News & Events

The Impact of the New OSHA Guidance on Other Employment Policies and Practices

On January 21, 2021, President Biden issued an Executive Order on Protecting Worker Health and Safety directing the Assistant Secretary of Labor for Occupational Safety and Health to issue science-based guidance for employers to assist in protecting workers from COVID-19.  In response, OSHA issued updated guidance for employers on January 29, 2021.  The guidance, which is “advisory in nature” and does not create new standards, regulations, or legal obligations, largely focuses on practices that have become commonplace over the past 10 months: maintaining social distance, wearing face coverings, practicing good hygiene, and disinfecting regularly.  However, the new guidance also recommends new practices to help maximize the effectiveness of procedures that are employers are likely already using.  A more thorough outline and overview of the new guidance can be found on the Butler Snow Hub here.

The guidance provides sixteen enumerated elements for the “most effective” workplace COVID-19 prevention programs. In addition to addressing safety protocols such as isolating employees with symptoms at work, cleaning and disinfection practices, training, screening and testing, and recording and reporting cases, these best practices include items less routinely associated with workplace safety, namely vaccines and absence policies.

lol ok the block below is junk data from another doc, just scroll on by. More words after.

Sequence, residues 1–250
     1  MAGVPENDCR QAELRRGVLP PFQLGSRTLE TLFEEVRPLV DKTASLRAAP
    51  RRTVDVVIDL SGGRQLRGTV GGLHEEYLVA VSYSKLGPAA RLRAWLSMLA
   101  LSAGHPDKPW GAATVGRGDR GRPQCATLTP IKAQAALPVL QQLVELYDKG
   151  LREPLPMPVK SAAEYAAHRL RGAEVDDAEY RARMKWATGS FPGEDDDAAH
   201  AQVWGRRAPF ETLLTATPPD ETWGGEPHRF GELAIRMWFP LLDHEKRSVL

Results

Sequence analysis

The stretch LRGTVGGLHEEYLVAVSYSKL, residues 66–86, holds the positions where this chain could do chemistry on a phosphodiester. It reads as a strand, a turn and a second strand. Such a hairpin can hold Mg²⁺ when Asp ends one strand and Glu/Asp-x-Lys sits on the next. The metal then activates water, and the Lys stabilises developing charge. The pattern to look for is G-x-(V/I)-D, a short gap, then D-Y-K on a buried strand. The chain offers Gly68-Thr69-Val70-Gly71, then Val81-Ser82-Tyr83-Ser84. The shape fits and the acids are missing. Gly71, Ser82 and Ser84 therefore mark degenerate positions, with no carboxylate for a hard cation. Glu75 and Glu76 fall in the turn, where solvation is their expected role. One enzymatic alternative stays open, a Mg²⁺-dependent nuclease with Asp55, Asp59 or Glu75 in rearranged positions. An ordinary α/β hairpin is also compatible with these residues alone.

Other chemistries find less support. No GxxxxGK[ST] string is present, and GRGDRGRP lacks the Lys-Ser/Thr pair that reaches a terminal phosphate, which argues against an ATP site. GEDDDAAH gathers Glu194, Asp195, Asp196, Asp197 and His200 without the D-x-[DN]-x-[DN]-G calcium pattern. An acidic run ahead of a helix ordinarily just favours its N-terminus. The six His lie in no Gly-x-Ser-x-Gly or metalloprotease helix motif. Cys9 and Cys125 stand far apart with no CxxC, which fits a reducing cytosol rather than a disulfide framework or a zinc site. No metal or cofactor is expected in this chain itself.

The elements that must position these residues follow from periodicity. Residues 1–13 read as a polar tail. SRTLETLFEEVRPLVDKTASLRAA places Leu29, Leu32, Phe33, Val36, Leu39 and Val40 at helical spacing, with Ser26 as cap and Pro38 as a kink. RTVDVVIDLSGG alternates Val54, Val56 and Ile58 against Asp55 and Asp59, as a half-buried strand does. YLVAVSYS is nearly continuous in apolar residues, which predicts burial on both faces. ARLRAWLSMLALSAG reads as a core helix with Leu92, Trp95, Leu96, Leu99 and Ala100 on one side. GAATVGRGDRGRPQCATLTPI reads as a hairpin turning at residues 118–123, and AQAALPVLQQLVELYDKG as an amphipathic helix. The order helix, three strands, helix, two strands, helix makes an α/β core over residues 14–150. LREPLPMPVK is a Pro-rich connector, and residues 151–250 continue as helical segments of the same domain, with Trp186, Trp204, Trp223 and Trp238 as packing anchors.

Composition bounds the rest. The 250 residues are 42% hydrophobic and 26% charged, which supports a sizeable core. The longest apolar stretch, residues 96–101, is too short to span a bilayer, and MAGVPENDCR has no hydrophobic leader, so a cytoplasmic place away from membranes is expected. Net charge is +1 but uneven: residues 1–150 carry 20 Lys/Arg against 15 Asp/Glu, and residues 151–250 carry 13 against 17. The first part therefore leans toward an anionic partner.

Since the roll-out of the vaccines, many employers have been evaluating the best way to encourage or even mandate that their workforce gets vaccinated.  While the EEOC has clarified that it will allow mandatory vaccine policies (subject to exceptions for medical and religious objections), many have worried about the risks of requiring vaccines under other federal and various state laws.  In fact, many have questioned whether requiring this vaccine could present potential workplace safety issues itself, given the emergency use authorization status.  The new guidance does not recommend, or even address mandatory vaccination. It does, however, encourage employers to both offer the vaccine to employees at no cost and to provide “information and training on the benefits and safety of vaccinations.”

Additionally, the guidance states that once employees begin receiving the vaccine, employers should not treat employees who are vaccinated differently than employees who are not.  On its face, this suggestion addresses the fact that research has not shown whether and to what extent vaccinated people can still transmit COVID-19.  Therefore, while vaccinated employees may be at less risk of catching COVID-19, they should still follow masking and distancing rules to slow the spread to others.  However, many employers are encouraging vaccinations by implementing rules that vaccines are required to enter certain workspaces or events.  Employers should be wary of these incentives under this guidance unless still requiring all other safety measures, such as masks and distancing, even where all are vaccinated.